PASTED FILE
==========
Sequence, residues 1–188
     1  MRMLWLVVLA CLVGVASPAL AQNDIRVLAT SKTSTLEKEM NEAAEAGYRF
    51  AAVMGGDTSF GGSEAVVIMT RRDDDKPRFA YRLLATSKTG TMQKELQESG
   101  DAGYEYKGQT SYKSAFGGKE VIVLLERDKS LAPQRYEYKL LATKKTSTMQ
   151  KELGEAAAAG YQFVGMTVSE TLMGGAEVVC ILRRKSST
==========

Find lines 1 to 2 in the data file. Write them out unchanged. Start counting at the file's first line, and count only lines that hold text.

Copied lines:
Sequence, residues 1–188
     1  MRMLWLVVLA CLVGVASPAL AQNDIRVLAT SKTSTLEKEM NEAAEAGYRF